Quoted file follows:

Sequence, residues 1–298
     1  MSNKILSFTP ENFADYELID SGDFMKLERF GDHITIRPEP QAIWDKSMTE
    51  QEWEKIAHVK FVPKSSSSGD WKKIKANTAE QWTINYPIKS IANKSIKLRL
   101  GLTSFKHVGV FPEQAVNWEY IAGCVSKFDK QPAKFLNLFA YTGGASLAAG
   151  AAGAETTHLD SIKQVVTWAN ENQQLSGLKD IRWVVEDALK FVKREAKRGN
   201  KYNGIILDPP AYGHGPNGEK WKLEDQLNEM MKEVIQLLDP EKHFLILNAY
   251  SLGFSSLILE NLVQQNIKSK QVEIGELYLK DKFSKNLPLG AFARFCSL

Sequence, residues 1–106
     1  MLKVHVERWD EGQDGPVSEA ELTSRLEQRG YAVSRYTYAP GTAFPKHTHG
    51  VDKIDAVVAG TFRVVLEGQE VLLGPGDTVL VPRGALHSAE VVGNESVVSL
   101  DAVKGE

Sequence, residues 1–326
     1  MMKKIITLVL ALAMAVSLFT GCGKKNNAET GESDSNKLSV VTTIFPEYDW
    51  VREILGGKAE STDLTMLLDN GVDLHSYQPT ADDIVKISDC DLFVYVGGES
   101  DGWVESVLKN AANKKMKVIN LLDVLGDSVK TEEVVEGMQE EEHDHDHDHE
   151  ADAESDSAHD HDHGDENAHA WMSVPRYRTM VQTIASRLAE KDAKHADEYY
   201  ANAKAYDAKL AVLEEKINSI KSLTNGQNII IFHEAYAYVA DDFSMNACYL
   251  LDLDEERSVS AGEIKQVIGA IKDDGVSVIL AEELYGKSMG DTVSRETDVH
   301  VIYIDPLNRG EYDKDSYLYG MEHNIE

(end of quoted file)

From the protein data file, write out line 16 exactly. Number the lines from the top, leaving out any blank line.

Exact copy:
   151  ADAESDSAHD HDHGDENAHA WMSVPRYRTM VQTIASRLAE KDAKHADEYY